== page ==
The Social Life Of The Humble Bench
Benches are one of the most divisive pieces of street furniture. People either love them or hate them; they are seen both as a valuable piece of the social fabric of our public spaces and as an attractor of anti-social behaviour.
This is not a new debate. The Joseph Rowntree Foundation published a report on ‘Social Interactions in Urban Public Spaces’(hyperlink: http://www.jrf.org.uk/sites/files/jrf/2017-interactions-public-places.pdf) back in 2007 where they analysed what makes people stay in a place, noting in particular how the ability to simply pause makes a big difference to a space’s staying power.
When I talk about benches I actually mean walls, ledges, steps, chairs, anything where you can place your rear and rest your legs. A place to pause is what it is all about: to watch the world, share a kiss, have a fleeting conversation with a stranger or talk about the weather. Essentially they allow you to feel connected to others and this undoubtedly helps our sense of wellbeing and in terms of relational welfare, benches allow us to build relationships with the people and places in our neighbourhoods. Quite simply they are a prop for human interaction.
Seating needn’t be fixed down to a permanent spot either – there is real joy in being able to shuffle into groups, pairs, clusters, solos depending upon who you are with or to chase the sun or seek the shade.
More than just hosting these moments, benches also offer an invitation that shouts ‘people are allowed to be in this place’. Quite recently, I ran a design workshop with some young people and we were exploring the notion of permission to use public space: what makes you feel welcome and know you can use something? They referenced benches as a signifier of ‘please stay here’, ‘ please enjoy’, ‘you can be here’. They then made the connection that lots of people being in a place and using it made them feel safe. The sense that they felt like they never had anywhere they were allowed to be and were constantly being pushed to the fringes really showed from our conversations.
To the unsure amongst us, a bench is a more explicit invitation to sit than any of the other places to perch I mentioned above and perhaps herein lies the problem. A universal invitation to sit worries some people. I used to manage a public park before launching make:good and benches were a source of much concern. Not a week would go by without a complaint about the benches because people from all walks of life sat on them, drank on them, sometimes slept on them, rumour had it sold drugs from them and the mere possibility that these things might happen meant I was pressured by some to remove them.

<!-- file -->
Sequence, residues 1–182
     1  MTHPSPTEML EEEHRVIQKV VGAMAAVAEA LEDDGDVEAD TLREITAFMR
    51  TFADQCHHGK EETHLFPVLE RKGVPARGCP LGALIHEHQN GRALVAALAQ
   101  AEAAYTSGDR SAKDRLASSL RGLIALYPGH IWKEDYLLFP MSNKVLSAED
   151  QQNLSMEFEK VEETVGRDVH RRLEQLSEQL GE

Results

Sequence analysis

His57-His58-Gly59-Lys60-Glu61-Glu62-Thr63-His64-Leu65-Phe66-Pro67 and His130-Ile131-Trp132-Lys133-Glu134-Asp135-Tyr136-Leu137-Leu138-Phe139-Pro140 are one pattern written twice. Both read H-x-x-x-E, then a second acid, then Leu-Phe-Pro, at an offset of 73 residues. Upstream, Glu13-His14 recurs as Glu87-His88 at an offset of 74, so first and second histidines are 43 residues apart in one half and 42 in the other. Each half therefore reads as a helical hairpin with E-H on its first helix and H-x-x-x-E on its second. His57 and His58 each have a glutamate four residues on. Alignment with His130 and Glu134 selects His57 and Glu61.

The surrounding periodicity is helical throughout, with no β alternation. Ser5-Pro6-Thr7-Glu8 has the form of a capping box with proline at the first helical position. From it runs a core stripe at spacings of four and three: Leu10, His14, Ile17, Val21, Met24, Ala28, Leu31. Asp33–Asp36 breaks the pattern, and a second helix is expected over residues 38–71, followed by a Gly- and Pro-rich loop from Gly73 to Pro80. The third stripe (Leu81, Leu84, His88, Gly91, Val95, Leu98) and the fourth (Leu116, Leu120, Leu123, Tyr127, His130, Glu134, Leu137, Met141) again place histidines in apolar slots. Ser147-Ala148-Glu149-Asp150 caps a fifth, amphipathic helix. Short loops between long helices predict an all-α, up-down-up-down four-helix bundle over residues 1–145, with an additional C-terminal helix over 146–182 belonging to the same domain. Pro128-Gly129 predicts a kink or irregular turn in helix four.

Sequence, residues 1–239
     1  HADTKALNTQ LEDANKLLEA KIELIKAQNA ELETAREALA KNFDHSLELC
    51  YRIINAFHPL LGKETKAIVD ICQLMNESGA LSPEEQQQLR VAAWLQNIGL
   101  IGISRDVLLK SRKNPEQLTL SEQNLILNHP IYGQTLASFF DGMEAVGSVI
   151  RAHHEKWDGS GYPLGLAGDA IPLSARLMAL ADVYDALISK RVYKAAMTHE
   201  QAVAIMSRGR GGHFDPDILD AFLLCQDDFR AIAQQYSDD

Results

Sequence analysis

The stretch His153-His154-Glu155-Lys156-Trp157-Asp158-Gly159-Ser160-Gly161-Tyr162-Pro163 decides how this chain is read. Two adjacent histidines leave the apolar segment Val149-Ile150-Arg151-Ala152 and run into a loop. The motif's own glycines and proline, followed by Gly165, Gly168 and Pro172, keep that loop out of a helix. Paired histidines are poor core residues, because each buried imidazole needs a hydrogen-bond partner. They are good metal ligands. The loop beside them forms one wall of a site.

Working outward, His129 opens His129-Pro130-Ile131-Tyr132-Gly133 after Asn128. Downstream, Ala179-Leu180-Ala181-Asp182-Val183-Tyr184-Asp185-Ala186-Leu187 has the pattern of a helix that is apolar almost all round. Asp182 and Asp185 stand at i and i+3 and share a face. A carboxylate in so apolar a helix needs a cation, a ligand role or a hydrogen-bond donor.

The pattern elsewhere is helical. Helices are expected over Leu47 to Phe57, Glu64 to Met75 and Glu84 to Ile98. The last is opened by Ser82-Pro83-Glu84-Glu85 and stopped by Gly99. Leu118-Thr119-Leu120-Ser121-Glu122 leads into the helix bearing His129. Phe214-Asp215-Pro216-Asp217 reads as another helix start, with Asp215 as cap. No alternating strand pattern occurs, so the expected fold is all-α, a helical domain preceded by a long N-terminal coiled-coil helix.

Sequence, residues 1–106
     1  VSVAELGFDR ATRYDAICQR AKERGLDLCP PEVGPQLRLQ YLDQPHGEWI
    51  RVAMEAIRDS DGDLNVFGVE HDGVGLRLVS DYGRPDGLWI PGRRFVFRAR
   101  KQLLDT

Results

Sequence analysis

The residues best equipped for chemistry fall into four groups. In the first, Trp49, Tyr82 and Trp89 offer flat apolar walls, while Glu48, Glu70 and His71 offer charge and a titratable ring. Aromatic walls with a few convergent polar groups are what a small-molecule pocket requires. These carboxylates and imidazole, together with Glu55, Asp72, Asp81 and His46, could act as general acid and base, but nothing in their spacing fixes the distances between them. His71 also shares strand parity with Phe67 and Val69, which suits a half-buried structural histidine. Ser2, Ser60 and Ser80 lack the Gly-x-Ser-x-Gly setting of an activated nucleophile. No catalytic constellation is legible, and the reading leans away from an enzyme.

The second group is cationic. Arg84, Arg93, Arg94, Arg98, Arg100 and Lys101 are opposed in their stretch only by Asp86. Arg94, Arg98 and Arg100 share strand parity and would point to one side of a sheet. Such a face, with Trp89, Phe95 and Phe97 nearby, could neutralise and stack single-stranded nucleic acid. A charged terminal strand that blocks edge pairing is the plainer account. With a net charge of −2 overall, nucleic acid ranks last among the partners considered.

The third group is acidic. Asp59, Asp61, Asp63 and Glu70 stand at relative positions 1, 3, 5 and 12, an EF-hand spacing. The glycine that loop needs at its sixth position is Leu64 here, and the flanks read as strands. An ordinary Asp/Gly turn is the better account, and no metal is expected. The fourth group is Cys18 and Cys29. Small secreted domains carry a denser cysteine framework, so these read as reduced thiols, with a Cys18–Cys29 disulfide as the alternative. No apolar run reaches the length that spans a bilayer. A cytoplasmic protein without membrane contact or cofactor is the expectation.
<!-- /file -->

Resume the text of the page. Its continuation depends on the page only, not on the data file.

The reality is that any criminal activities will still happen with or without the benches. Benches aren’t the cause of violence, litter, alcohol abuse, drug addiction, prostitution, or homelessness; they are just one part of the street landscape upon which these activities are played out. Take them away and these activities just move to another place, perhaps less visible yes, but they still happen.
Which brings me back to the question of what people consider the social role of public spaces to be. Do we want public spaces people can use, can feel a sense of belonging in and get a sense of wellbeing from or do we want people to be removed from public life unless they are in a place for the purpose of constructively working or consuming? That would create a future where the least economically active are essentially removed from public spaces because if they can’t afford to consume there they have no reason to be there and feel unwelcome being there.
I certainly don’t want that future. Already, so much of our public space is being designed with an exclusive feel. Yet a local open park and its inviting row of benches remains an offer that is truly open to all. We need to stop labeling these public perches as the villain, so that we can all benefit from the relationships, health and vitality we get from being outside and being with others. I do hope the real future of benches is bright, and that those who manage and maintain them see beyond their need for the occasional clean and repaint and come to appreciate the massive social value they give to both a place and the people who move through it.